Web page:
Skip to main content

Sign up for our newsletter.

Quality journalism. Progressive values. Direct to your inbox.

An 1886 engraving of the Haymarket massacre.

An 1886 engraving of the Haymarket massacre.

May Day and the United States of Amnesia

We must keep alive the memory of the early struggles of the working-class movement for a better future.

C.J. Polychroniou

May Day is celebrated in more than 90 countries around the world as International Workers’ Day, with large-scale marches and protests, in honor of the struggles of the working class. But not in the country where it began, the United States of Amnesia.

The history of May Day has its origins in the summer of 1884 when the Federation of Organized Trades and Labor Unions decided to launch a nationwide movement to secure an eight-hour workday and called for May 1, 1886 to be the beginning of this campaign.  

On May 1, 1886, hundreds of thousands of American workers staged a nationwide march demanding the creation of the eight-hour workday. Chicago was the epicenter of the protests as they were scheduled to go on for days.

Eventually, the protests turned violent when the police attacked picketing workers on May 3, killing one person and injuring several, at the McCormick Harvesting Machine Company, an event which led the next day to a bloodier confrontation between police and demonstrators in Haymarket Square.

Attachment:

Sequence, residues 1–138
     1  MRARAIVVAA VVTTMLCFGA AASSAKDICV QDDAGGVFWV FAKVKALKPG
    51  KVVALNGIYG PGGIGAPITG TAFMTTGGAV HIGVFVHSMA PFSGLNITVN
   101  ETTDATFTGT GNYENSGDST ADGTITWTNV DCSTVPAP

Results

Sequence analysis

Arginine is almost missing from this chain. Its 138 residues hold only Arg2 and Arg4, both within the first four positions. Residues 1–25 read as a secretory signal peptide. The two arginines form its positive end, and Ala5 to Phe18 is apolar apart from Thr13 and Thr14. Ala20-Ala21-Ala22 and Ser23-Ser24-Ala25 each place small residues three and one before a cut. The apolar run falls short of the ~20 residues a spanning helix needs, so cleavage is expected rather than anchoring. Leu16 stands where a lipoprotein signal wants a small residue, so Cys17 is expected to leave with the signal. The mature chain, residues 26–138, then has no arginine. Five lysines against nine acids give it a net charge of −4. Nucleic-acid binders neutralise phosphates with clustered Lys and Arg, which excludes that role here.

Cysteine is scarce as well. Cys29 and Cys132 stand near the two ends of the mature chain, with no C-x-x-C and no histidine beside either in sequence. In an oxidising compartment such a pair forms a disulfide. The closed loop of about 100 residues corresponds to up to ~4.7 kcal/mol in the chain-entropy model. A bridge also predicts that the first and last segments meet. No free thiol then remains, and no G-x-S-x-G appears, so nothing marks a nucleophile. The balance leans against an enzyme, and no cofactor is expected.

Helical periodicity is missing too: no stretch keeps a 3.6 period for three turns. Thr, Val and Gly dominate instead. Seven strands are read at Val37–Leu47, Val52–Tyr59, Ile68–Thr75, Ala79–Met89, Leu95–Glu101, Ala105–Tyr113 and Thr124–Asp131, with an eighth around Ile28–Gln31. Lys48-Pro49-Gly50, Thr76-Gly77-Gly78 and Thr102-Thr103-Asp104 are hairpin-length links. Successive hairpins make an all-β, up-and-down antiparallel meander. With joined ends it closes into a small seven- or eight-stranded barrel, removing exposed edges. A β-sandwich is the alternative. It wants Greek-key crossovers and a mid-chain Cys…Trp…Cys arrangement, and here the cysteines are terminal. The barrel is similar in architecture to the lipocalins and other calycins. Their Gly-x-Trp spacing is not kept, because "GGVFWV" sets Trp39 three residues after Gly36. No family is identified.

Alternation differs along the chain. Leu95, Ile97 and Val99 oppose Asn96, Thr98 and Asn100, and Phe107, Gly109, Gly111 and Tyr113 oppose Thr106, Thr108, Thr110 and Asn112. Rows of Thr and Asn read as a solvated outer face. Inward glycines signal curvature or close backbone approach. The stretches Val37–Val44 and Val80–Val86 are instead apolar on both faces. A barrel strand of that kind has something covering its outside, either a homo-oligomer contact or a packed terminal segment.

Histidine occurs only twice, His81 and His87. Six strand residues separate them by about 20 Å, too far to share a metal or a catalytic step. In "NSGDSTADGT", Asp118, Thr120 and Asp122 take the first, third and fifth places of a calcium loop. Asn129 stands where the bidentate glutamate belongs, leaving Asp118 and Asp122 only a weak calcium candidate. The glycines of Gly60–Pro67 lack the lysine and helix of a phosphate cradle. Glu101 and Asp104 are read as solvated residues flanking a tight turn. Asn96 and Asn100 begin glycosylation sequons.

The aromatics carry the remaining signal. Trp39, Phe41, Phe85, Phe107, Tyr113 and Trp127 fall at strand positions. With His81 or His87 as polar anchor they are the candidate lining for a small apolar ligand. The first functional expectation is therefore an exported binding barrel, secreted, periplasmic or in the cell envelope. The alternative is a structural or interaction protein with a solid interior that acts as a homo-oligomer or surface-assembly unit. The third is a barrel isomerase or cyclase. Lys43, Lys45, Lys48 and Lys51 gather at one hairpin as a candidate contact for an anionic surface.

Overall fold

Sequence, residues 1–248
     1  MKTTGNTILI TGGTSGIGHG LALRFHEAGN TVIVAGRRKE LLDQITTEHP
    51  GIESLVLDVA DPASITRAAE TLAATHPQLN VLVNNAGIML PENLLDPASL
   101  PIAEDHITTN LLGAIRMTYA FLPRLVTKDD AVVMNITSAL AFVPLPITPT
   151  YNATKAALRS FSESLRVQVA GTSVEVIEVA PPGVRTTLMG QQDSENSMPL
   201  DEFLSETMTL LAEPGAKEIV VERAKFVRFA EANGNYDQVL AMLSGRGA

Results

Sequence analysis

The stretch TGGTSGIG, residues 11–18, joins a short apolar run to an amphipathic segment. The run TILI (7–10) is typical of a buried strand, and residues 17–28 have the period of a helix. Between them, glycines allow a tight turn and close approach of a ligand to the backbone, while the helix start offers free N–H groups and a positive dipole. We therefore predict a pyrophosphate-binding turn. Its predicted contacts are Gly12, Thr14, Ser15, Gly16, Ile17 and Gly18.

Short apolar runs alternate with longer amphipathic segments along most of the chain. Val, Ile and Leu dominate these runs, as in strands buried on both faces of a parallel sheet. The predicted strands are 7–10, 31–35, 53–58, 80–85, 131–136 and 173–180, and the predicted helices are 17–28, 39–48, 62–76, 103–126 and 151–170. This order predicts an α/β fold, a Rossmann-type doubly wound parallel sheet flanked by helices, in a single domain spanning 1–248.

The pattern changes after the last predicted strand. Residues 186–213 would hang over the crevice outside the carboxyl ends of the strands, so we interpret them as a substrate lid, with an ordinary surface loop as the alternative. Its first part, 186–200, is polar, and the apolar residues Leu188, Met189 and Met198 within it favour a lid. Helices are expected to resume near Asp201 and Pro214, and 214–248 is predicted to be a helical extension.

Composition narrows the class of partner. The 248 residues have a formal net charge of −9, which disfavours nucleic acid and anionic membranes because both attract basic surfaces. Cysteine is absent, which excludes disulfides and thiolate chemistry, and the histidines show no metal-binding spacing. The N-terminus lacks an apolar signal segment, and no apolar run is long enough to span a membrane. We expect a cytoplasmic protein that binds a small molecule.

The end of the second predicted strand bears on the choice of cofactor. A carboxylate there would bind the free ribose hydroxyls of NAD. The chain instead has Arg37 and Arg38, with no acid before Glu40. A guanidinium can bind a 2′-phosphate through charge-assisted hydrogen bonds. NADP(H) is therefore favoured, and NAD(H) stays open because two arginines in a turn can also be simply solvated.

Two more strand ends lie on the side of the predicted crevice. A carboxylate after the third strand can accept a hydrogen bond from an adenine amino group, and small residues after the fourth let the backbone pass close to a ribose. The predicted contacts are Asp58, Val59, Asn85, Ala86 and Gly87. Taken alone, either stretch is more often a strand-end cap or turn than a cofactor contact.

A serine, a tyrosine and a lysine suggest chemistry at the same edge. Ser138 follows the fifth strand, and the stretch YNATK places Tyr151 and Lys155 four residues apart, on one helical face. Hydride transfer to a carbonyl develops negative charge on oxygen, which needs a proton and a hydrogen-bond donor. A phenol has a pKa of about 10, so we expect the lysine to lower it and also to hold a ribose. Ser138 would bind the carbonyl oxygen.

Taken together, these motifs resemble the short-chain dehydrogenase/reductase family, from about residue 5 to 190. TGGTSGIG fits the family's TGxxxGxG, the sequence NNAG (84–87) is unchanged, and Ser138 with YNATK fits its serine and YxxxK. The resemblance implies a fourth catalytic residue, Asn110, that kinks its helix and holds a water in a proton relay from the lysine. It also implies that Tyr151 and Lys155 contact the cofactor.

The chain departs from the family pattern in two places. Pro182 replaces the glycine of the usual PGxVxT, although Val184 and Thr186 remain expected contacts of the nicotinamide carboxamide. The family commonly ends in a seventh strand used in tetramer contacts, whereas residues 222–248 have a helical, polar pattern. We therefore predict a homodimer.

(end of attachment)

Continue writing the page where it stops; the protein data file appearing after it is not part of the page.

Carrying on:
What happened at Haymarket Square is an event of immense historical significance in its own right.

More than 170 policemen carrying rifles attacked those that had gathered at Haymarket Square to protest police brutality, even though the city’s mayor, Carter Harrison, had given permission for the meeting.

Ironically enough, most of the people had already left the protest meeting when the police attacked in an attempt to disperse the crowd. But during the confrontation, someone threw a dynamite bomb. The police panicked and opened fire in return. After the explosion and the subsequent gun fire, four workers and seven policemen were dead and dozens injured.     

The next day, martial law was declared in Chicago and other parts of the country. Immediately thereafter, scores of labor leaders were rounded up, and eight men, most of them German-born, were eventually found guilty of murder and sentenced to death in a highly controversial trial in which no solid evidence was presented linking them to the bombing of May 4 at Haymarket Square.   

The Haymarket Affair also led to an explosion in xenophobia and started the first “Red Scare” in the United States, courtesy of big business and the government.

Additionally, it led to a much more reformist labor movement with the birth to the American Federation of Labor whose first and longest-serving president, Samuel Gompers, was a core capitalist and had no interest in uniting the working class.

In the years following the dramatic events of 1886, the labor movement in the US would experience a series of ups and downs, all while American capitalism continued to operate on the basis of a brutal economy, down to this very day.